Federal law creates two types of Writs of Habeas Corpus to free people from jail. 28 U.S.C. § 2241 helps federal inmates. Both help state inmates. However, they limit the ability to file them. Basically, federal inmates may file this writ if they’re detained under U.S. authority, or they’re detained for a violation of federal law or order, they need to be brought to court to testify or attend trial, or they’re foreign citizens in certain situations. A state inmate may file under this statute if the state court has yet to sentence him.
Otherwise, a State inmate files under 28 U.S.C. § 2254. If Florida holds you in violation of the U.S. Constitution or U.S. law, you can file a Writ of Habeas Corpus in federal court. You can’t do this right away. You have to exhaust your state court remedies. This is a very complicated issue. You must follow through with an appeal and seek discretionary review by the Florida Supreme Court. You might have to file a post conviction motion in State court, appeal and again seek discretionary review by the Florida Supreme Court. This writ must be filed within 1 year of the conviction becoming final. Actual innocence claims may be filed beyond 1 year.
Within 14 days after the judge orally announces sentence, Federal Rule of Criminal Procedure 35 says the judge may correct a sentence that results from a mathematical, technical or other clear error. This provides a much shorter window to act than in State court. Also, the judge can reduce sentences for people who provided substantial assistance. This means helping law enforcement, often as a confidential informant or cooperating witness.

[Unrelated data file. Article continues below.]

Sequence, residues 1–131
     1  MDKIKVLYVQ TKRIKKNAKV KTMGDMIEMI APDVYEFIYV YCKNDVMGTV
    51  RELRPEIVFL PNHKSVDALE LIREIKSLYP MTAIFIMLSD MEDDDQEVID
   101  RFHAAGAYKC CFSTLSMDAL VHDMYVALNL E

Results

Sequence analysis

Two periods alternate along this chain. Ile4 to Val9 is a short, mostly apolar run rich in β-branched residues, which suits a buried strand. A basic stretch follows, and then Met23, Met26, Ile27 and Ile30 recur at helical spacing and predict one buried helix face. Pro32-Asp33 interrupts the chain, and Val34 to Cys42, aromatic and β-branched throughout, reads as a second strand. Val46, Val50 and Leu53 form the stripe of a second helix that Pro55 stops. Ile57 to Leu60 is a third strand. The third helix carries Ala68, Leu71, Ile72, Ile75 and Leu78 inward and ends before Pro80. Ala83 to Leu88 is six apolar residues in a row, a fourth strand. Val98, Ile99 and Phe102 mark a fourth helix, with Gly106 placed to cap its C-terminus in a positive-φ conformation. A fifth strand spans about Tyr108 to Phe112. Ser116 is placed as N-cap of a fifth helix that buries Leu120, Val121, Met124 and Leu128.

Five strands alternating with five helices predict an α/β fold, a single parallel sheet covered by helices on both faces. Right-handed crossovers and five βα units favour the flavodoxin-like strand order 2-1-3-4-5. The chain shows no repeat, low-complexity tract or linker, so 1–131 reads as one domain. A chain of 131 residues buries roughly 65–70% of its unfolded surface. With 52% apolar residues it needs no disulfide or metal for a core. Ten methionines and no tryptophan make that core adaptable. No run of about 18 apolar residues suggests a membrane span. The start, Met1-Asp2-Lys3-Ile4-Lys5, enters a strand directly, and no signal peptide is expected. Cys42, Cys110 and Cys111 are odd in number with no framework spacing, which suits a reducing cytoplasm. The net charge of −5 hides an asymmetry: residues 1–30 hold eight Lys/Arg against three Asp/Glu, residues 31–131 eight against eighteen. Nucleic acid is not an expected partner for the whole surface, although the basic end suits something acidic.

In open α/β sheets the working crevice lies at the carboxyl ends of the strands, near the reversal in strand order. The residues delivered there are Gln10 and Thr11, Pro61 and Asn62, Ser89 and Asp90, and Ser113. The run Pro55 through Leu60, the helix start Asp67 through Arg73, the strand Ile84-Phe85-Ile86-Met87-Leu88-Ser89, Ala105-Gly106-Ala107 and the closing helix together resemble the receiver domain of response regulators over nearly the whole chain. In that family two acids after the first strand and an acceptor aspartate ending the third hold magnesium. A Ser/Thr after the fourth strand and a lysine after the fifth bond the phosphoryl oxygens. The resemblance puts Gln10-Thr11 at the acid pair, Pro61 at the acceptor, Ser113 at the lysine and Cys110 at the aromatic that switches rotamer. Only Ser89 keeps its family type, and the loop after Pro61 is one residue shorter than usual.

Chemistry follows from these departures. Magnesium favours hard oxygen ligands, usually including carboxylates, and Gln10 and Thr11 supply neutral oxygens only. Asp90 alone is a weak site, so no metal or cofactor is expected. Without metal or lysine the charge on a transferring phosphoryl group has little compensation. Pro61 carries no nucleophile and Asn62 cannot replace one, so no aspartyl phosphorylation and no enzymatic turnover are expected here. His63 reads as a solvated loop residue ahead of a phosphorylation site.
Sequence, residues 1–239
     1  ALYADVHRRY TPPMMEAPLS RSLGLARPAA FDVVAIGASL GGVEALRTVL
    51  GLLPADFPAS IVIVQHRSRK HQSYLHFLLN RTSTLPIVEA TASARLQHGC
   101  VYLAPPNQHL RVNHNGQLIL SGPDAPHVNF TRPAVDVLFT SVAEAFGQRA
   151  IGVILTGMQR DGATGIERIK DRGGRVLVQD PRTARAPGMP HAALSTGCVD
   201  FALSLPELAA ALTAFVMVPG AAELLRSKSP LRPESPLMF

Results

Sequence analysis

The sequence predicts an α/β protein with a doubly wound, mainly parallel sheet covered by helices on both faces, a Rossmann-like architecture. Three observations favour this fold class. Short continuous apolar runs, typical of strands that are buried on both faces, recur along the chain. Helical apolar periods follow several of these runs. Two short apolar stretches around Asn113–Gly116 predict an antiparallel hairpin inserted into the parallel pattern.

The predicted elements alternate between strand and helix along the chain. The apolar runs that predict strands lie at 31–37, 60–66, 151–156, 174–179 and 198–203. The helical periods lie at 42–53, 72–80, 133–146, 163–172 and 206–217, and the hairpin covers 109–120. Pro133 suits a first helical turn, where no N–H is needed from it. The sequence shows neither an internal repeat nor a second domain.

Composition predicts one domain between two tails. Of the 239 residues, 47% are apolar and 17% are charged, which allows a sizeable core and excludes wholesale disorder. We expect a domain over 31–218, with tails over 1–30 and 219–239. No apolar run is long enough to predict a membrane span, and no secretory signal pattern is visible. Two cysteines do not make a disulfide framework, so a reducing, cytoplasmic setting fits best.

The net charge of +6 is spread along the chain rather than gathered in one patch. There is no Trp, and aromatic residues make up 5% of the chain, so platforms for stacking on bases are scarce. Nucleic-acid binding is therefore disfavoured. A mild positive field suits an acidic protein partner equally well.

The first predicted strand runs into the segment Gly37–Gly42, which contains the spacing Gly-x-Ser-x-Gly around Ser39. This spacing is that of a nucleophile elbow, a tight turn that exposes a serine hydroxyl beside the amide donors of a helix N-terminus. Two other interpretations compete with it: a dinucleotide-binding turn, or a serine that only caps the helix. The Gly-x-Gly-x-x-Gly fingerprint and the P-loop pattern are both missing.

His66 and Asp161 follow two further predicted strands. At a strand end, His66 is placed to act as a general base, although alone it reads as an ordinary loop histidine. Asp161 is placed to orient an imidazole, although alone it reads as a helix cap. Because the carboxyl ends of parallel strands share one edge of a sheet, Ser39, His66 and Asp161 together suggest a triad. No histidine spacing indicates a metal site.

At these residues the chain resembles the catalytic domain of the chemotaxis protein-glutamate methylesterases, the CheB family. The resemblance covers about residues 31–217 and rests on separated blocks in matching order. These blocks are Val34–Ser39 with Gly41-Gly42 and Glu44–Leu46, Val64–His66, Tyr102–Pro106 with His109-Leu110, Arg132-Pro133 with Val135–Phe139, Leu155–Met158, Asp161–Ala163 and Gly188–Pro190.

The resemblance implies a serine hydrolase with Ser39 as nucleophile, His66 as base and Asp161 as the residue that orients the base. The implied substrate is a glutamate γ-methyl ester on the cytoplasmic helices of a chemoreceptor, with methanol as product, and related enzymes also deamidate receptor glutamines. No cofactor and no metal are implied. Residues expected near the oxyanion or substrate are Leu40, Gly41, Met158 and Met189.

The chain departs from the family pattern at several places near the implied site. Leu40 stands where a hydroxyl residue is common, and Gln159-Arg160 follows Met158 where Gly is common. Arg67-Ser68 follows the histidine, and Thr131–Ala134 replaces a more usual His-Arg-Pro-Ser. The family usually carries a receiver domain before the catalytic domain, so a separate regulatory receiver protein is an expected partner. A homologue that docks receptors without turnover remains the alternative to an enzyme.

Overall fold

On rare occasions, both State and Federal courts release old or sick inmates. They call it Compassionate Release. This gives a small set of inmates the chance to be free without fighting the merits of their case.
Talk to an Experienced Florida Criminal Defense Attorney!
Post Conviction Relief isn’t the type of matter that every lawyer can properly handle. They’re very nuanced and require someone who can persuasively convey your point using the written word. Fortunately, Mr. Brown has dealt with these issues. Before it’s too late, talk to him and see if he can help you overturn your conviction!
The criminal defense firm Brown Legal PLLC operates from Fort Lauderdale, Florida, but regularly handles cases throughout South Florida and the rest of the state. Mr. Brown has represented people as far away as Pensacola and as far south as Key West. Reach out over the phone at (954) 524-6700 or through the Contact Page if you have any questions.